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Subject: RE: Back ground Music, WHY?
From: GUEST,leeneia
Date: 04 Mar 10 - 11:17 AM

Whoever you were, spare us the sneers about America. Pop music and noise culture are very widespread. I have gritted my teeth in Iceland and cringed in fine restaurants in Paris. I remember having supper in a pub in the far north of Scotland where the music was simply execrable.

I believe that the stuff is simply a side effect of having 40-year-old males in charge of most establishments.
========
Seayaker, I applaud your Swiss Army approach.


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Subject: RE: Back ground Music, WHY?
From: MikeL2
Date: 04 Mar 10 - 11:56 AM

Hi CS

You are on the button.

My wife and I are no longer of tender years and we are slightly ( and I mean slightly) hard of hearing.

We don't need the subtitles but we do find it difficult to make out dialogue that has background music running beneath it. Why do we need background music when it is a dialogue scene??

The BBC are trying to save money...here is one way I would suggest - do away with unecessary background music. We even get it on news bulletins !!!

Whilst on saving money they should do away with all the trailers and advertisements. They are getting more and more lengthy and numerous.

I agree with Joe though some scenes are enhanced by the soundtrack....but please not with a dialogue scene.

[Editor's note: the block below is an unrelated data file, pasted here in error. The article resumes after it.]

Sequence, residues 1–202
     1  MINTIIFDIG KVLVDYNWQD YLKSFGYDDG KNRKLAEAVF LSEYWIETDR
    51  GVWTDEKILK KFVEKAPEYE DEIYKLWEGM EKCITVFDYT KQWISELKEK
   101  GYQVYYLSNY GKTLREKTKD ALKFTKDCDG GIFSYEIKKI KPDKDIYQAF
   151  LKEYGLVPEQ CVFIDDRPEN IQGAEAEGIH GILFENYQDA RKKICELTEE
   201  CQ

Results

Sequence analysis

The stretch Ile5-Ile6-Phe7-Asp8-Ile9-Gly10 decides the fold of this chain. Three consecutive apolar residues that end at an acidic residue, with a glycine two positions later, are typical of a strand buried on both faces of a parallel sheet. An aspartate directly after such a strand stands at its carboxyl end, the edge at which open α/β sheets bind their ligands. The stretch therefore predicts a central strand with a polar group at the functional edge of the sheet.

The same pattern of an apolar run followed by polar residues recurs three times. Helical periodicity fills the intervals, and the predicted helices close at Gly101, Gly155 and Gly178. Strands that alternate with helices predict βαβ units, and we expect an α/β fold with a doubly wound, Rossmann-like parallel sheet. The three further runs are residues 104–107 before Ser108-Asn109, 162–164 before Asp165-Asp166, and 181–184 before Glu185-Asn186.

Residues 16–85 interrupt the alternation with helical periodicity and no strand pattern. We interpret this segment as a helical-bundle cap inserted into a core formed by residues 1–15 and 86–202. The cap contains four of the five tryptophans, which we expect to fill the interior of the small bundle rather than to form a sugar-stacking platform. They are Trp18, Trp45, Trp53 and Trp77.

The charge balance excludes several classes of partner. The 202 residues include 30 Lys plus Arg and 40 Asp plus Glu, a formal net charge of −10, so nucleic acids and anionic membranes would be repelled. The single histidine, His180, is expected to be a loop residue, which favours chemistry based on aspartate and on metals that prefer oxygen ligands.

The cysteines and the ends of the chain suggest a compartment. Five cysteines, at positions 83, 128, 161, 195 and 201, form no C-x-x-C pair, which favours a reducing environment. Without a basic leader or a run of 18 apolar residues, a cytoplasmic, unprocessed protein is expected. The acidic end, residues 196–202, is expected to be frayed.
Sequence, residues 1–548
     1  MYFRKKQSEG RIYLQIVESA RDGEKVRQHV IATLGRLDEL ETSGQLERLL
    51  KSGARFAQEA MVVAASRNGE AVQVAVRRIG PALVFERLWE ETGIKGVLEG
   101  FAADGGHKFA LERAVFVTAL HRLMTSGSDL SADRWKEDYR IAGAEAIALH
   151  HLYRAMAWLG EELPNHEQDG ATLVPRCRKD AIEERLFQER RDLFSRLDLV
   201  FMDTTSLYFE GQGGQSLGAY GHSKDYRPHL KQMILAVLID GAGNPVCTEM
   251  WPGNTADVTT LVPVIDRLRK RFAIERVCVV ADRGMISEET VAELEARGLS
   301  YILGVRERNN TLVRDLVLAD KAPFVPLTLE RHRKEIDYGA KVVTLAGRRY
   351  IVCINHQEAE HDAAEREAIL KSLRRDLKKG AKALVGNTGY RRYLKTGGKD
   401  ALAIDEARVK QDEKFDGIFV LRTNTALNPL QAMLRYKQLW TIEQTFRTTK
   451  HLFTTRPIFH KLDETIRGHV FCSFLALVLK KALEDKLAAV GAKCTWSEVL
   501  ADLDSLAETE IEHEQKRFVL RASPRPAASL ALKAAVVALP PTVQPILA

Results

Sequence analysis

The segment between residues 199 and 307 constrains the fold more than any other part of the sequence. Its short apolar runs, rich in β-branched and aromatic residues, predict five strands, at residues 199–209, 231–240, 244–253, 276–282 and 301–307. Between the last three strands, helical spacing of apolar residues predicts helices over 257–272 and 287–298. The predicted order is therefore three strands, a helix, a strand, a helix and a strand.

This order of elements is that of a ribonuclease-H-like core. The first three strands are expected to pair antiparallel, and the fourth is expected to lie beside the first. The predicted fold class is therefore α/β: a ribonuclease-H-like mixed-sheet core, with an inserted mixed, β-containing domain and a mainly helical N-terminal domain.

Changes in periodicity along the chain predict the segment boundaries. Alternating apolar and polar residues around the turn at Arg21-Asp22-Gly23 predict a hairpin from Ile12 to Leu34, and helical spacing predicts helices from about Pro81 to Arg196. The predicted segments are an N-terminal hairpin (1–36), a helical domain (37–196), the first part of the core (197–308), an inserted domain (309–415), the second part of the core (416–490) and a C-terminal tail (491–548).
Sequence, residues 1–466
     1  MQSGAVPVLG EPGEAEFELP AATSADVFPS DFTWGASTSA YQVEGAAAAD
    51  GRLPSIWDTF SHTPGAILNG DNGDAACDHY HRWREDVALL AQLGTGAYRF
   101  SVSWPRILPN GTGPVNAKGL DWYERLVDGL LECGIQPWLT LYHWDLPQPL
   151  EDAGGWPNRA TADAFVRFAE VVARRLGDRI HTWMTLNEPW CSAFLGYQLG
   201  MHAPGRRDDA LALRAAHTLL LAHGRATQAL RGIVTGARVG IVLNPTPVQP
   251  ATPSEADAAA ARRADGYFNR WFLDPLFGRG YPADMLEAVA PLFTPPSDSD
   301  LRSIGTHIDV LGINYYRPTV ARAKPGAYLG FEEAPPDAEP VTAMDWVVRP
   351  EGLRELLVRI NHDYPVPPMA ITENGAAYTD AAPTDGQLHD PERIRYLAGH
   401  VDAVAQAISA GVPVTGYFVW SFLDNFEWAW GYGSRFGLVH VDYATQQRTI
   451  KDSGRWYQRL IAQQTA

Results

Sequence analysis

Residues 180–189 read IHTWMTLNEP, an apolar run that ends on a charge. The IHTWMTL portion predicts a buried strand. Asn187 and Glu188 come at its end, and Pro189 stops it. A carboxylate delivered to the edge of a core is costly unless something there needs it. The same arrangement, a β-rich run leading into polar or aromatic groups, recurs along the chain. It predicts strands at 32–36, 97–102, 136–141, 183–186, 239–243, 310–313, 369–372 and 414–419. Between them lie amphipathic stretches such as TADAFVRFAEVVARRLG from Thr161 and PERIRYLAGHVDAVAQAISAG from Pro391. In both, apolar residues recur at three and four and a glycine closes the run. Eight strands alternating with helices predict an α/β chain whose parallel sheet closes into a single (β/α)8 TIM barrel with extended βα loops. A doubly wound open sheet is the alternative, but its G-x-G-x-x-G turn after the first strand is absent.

Cheers

MikeL2


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Subject: RE: Back ground Music, WHY?
From: Alan Day
Date: 04 Mar 10 - 12:55 PM

If you get time just have a listen to "Five Days" BBC1 and you will hear exactly what I dislike. Musical noises in no particular order for no particular reason.
Al


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Subject: RE: Back ground Music, WHY?
From: Don(Wyziwyg)T
Date: 04 Mar 10 - 02:18 PM

It has even spread to live music.

How often, these days, do we hear a live acoustic band who are vocally inaudible because each member is trying to outdo the others in showing off his instrumental talent.

Even quite well respected recording studios seem to have forgotten that the song needs to be in front of the instruments in the final mix.

A whole generation, or more, has been subjected to intrusive music in every way possible.

They are probably used to it, but for us it is at best, irritating, and at worst, torture.

By the time they reach our age, a significant proportion will be functionally deaf.

Don T.


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Subject: RE: Back ground Music, WHY?
From: GUEST,Matt_R
Date: 04 Mar 10 - 08:46 PM

Turn off your hearing aids and you'll all be fine!


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Subject: RE: Back ground Music, WHY?
From: GUEST,dan
Date: 24 May 10 - 04:54 PM

Background sounds of autos or el trains in a street scene enhance the visual and audio of the scene, however, when that is accompanied by loud music, guitars, piano music or electronic musical sound effects we get garbage. Seems the sound directors get their way by implanting this annoying sound effects at the expense of dialogue. I have, on numerous occasions, turned off the TV or DVD because the background noise is overwhelming. Does anyone care about the viewing audience? I don't think so.


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Subject: RE: Back ground Music, WHY?
From: Don(Wyziwyg)T
Date: 24 May 10 - 08:05 PM

Guest Matt R,

I don't have a hearing aid, as I have managed to protect my hearing in the face of the worst that TV and Cinema can do.